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A horned lark singing.

Horned Lark

The female Horned Lark selects a nest site on bare ground, apparently with no help from her mate. She uses her bill to loosen soil and flip it aside to dig a cavity, sometimes also kicking dirt out with her feet. She either chooses a natural depression in which to build the nest or excavates the site herself, a process that can take several days.

Eremophila alpestris

 Identification

Horned larks are slightly smaller than a robin and approximately 7-8 in/17-20 cm tall. They spend most of their time on the ground rather than perched on posts or shrubs. The males appear to have “horns”— feather tufts which can be raised or lowered but are usually erect. The males also have a black mask around their eyes and a black bib on their chest. The females are paler and lack the prominent features of the male however look the same from afar on the prairie.

Observation Tips

Horned larks are a partial migrant; permanent resident throughout most of their breeding range, migrating only from northern regions before winter. Fall migrants tend to flock and move by August – October. Like breeding arrival, birds can be seen in flocks in March – April and more often on the ground, rather than perched on a fence post.

Interesting Fact

The female Horned Lark selects a nest site on bare ground, apparently with no help from her mate. She uses her bill to loosen soil and flip it aside to dig a cavity, sometimes also kicking dirt out with her feet. She either chooses a natural depression in which to build the nest or excavates the site herself, a process that can take several days.

Ideal Habitat

A common, widespread bird of the open country, the horned lark prefers short, <3 in/7.6 cm, sparsely vegetated prairies, deserts, and agricultural lands, >15% bare ground is acceptable. Horned Larks favor bare, dry ground and areas of short, sparse vegetation with <65% herbaceous vegetation and <10% shrub cover. They avoid places where grasses are tall and areas with more than a few shrubs. Common habitats include prairies, deserts, tundra, beaches, dunes, and heavily grazed pastures. Horned Larks also frequent areas cleared by humans, such as plowed fields and mowed expanses around airstrips. In wintertime, flocks of horned Larks, often mixing with other birds on open ground, can be seen along roadsides, in feedlots, and on fields spread with waste grain and manure.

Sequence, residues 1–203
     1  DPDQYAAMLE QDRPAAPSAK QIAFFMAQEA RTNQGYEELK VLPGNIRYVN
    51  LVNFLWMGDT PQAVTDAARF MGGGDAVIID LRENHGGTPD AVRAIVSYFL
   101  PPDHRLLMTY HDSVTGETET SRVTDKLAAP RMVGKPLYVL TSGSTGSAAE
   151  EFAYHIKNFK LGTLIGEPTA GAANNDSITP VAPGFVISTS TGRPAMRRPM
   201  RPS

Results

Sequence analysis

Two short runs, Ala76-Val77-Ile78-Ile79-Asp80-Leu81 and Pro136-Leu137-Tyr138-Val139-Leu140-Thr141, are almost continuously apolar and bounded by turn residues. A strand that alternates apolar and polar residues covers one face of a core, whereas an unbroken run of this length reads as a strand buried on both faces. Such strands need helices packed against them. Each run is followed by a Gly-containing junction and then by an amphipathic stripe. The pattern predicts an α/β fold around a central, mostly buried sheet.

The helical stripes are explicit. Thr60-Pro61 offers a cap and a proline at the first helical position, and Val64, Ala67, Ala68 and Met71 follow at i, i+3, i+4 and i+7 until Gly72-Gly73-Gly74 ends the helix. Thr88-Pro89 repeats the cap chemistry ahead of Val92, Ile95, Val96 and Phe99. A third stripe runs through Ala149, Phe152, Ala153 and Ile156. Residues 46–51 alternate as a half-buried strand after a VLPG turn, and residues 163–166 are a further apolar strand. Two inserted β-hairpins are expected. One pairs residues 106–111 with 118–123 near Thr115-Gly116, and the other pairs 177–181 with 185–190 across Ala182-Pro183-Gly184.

Horned lark range map. Breeding range is almost all of Canada, US, and Mexico. Migration range is Canada. Winter range is Pacific Northwest US, southern US, and northeastern US.

Range map provided by BirdLife International

Management Activities that Benefit Species – Best Management Practices (BMPs)

Where appropriate, manage for native shortgrass prairie of blue grama and buffalo grass. Grazing late in the growing season and into the non-growing season (late summer through winter) will create suitable habitat nesting habitat for horned lark— very short grass and some bare ground. Heavier grazing in wet years and moderate grazing in dry years may be required to ensure some habitat is available for nesting horned larks each year. Heavy grazing in the summer provides less breeding habitat than heavy grazing in the winter.

Burn shortgrass prairie outside of the nesting season to create favorable vegetation conditions. Retain some populations of prairie dogs at levels compatible with economic activities on the land. Annual haying in late summer can create suitable breeding habitat for the subsequent year.

Management Activities to Avoid

Avoid conversion of native shortgrass and mixed-grass prairies to cropland and residential development. If prairie dog population control is needed, choose an integrated pest management approach that meets goals without eliminating the entire colony or harming other species. If using chemicals to control prairie dogs, poison only active burrows. Avoid the use of pesticides on crops where possible.

Other Species that Benefit from Similar Habitat Management

Other wildlife that may benefit from habitat management for horned larks includes mountain plovers, burrowing owls, lark sparrows, thick-billed longspurs, and lark buntings.

Download

Download the Horned Lark factsheet

Descarga la ficha de alondras cornuda

Other Resources

BirdLife International and Handbook of the Birds of the World. 2019. Bird species distribution maps of the world.  Version 2019.1. Horned lark.

The Cornell Lab of Ornithology. All About Birds (Horned lark).

Dechant, J. A., M. L. Sondreal, D. H. Johnson, L. D. Igl, C. M. Goldade, P. A. Rabie, and B. R. Euliss. 1999 (revised 2002). Effects of management practices on grassland birds: Horned Lark. Northern Prairie Wildlife Research Center, Jamestown, ND. 33 pages.

Photo credit: Doug Greenberg/Flickr

 

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